Carth 11th Legion Phalanx
With their elite status, members of the Sacred Band received the best equipment in the Carthaginian army. Their weapons and training were similar to those of the Greek hoplites: heavy spear, sword, aspis shield, and bronze greaves, helmet, and breastplate. The hoplites also fought in a phalanx formation. The unit numbered around 2,500 soldiers according to Diodorus.
Carth 4th Africa Light
Carthage was too small to provide for the defense of widely scattered settlements, and it turned increasingly to mercenaries, who were under the command of Carthaginians, with citizen contingents appearing only occasionally. Libyans were considered particularly suitable for light infantry and the inhabitants of the later Numidia and Mauretania for light cavalry; Iberians and Celtiberians from Spain were used in both capacities. In the 4th century the Carthaginians also hired Gauls, Campanians, and even Greeks. The disadvantages of mercenary armies were more than outweighed by the fact that Carthage could never have stood the losses incurred in a whole series of wars in Sicily and elsewhere. Little is known about how the Carthaginian fleet was operated; technically, it was not overwhelmingly superior to those of the Greeks, but it was larger and had the benefit of experienced sailors from Carthage’s maritime settlements.
Carth 5th Spanish Light
Iberian warriors serving Carthage were split into scutari heavy infantry and caetrati light infantry, named so after their shields, the Caetra being a round buckler. They also wielded all iron soliferra javelins and falcata swords. Gallic and Ligurian footmen were armed with similar tall shields, chain mail, and bronze helmets, but carried heavier spears and longer, straighter swords. The Iberian infantry wore purple bordered white tunics and leather headgear. The Iberian heavy infantry fought in a dense phalanx, armed with broad headed spears called lonche that could be thrown, long body shields and short slashing swords called "falcata". Campanian, Sardinian and Gallic infantry were tribal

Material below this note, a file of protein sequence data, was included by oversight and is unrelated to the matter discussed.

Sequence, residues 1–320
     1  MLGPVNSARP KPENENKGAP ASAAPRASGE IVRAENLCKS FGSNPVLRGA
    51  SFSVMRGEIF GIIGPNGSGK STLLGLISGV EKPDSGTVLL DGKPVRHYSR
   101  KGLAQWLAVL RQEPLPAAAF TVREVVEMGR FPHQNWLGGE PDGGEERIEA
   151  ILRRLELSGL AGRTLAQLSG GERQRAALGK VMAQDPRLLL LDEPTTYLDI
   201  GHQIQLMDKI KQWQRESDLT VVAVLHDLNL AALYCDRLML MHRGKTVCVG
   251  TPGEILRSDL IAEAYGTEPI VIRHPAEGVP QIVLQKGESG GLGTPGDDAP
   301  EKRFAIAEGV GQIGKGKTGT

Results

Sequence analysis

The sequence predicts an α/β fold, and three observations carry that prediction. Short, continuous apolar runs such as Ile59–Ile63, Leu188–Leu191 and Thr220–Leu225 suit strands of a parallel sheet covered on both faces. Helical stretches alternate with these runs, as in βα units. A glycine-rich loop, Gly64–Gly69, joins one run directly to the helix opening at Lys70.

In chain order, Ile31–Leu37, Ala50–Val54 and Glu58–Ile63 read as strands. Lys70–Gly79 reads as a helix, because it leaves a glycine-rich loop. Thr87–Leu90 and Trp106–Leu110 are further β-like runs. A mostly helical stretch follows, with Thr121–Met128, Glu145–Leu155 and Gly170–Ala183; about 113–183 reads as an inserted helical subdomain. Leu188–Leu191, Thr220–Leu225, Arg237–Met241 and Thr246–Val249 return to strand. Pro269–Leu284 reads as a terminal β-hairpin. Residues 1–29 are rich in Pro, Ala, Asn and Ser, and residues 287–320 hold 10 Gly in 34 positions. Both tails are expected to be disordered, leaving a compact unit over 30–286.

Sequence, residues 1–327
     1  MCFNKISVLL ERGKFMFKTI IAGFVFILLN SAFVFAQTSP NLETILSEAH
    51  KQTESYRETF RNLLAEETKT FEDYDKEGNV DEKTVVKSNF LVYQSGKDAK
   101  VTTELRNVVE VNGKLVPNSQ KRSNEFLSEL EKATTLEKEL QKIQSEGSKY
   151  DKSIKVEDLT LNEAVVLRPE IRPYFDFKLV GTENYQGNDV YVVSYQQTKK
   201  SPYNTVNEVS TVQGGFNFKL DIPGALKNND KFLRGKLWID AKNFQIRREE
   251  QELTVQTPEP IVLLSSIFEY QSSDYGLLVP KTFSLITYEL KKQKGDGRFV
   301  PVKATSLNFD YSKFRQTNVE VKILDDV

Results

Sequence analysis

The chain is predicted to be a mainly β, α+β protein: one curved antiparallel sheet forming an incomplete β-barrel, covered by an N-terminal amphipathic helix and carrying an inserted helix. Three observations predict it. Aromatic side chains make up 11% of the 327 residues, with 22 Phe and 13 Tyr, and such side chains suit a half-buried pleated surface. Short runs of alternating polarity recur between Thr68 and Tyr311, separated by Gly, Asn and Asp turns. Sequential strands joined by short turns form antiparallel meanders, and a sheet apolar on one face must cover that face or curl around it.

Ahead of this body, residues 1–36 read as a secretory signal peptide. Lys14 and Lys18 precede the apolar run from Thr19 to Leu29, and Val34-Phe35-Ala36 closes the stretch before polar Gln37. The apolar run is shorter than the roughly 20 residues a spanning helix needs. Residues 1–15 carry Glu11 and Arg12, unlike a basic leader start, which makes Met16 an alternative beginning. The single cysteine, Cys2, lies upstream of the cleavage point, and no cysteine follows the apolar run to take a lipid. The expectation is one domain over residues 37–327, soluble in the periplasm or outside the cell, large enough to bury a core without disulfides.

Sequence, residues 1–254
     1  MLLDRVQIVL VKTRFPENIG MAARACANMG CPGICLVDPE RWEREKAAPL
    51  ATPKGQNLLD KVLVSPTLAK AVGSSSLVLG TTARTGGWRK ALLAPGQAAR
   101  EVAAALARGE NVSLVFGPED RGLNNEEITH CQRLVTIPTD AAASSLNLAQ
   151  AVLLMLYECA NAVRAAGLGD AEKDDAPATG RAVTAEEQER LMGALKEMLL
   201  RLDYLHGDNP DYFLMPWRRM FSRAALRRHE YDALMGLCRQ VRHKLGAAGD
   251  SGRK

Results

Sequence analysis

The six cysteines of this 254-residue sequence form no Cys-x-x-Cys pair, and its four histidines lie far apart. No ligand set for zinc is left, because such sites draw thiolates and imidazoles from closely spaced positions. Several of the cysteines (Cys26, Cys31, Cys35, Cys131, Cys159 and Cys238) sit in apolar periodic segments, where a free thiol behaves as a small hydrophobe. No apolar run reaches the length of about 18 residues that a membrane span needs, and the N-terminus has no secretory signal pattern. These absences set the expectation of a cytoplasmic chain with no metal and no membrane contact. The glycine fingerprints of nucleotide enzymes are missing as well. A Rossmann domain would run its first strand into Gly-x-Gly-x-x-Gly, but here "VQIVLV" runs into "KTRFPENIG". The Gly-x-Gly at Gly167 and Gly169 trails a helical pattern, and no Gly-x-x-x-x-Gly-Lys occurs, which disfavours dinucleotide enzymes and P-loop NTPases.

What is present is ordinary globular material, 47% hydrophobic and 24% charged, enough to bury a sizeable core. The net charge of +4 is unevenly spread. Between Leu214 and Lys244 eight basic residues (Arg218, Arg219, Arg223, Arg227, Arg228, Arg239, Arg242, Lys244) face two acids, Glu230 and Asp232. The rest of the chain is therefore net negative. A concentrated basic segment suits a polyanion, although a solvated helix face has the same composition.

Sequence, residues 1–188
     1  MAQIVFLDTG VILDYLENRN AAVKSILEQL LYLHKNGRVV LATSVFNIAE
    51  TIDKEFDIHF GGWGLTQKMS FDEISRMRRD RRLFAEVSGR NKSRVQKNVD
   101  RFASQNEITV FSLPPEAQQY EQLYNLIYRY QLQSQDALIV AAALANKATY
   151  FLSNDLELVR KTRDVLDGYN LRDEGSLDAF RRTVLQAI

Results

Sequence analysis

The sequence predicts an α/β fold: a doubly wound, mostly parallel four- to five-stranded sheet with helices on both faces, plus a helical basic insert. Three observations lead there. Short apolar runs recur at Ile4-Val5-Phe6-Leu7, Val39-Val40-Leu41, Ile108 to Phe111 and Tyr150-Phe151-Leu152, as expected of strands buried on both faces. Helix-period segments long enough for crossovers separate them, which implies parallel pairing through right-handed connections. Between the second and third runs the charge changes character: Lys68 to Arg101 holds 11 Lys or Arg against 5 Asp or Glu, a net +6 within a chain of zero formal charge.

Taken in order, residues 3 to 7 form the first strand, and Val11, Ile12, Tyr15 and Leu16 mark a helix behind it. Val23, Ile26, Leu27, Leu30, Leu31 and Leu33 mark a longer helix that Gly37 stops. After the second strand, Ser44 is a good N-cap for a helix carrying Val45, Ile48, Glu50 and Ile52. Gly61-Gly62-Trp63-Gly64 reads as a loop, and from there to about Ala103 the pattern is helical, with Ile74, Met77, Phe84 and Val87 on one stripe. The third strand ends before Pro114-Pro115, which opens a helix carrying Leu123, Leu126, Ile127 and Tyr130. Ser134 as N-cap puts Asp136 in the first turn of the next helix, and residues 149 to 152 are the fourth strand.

Carth 6th Lybian Light
Recruited from among descendants of Phoenician settlers and the native Lebu, Garamantian, and Berber peoples of the Sahara these troops were the largest non-mercenary Carthaginian contingent in the army. The Libyans supplied both heavy and light infantry and formed the most disciplined units of the army. The heavy infantry fought in close formation, armed with long spears and round shields, wearing helmets and linen cuirasses. The light Libyan infantry carried javelins and a small shield, the same as Iberian light infantry.
Carth 8th Gallic Legion
The Gauls were brave, fierce warriors who fought in tribes and clans in massed infantry formation, but lacked the discipline of their Roman and Carthaginian opponents. The Infantry wore no armor, fought naked or stripped to the waist in plaid trousers and a loose cloak, a variety of metal bossed different size and shaped shields made of oak or linden covered with leather and iron slashing swords. Chieftains, Noblemen, and their retainers made up the cavalry, wore helmets and mail, and used thrusting spears and swords. Both Cavalry and Infantry carried spears and javelins for close quarter and ranged combat.
Italian Allies Legion
As Rome grew and her influence spread over all of modern day Italy, she dominated and eventually conquered all the other peoples in that land. With the wars against Carthage, many of these saw an opportunity to cast off the Roman yoke, and large numbers fought with the North Africans, particularly during Hannibal's invasion of the Italian peninsular.
These peoples, Oscans such as the Apulians, Samnites, Lucani and Brutii, wore no specific uniform and naturally tended to have different tribal characteristics, so this set is a representative sample of these peoples. As such it reflects what is currently known about them, and is a nice diverse selection of warriors. They wear the Attic helmets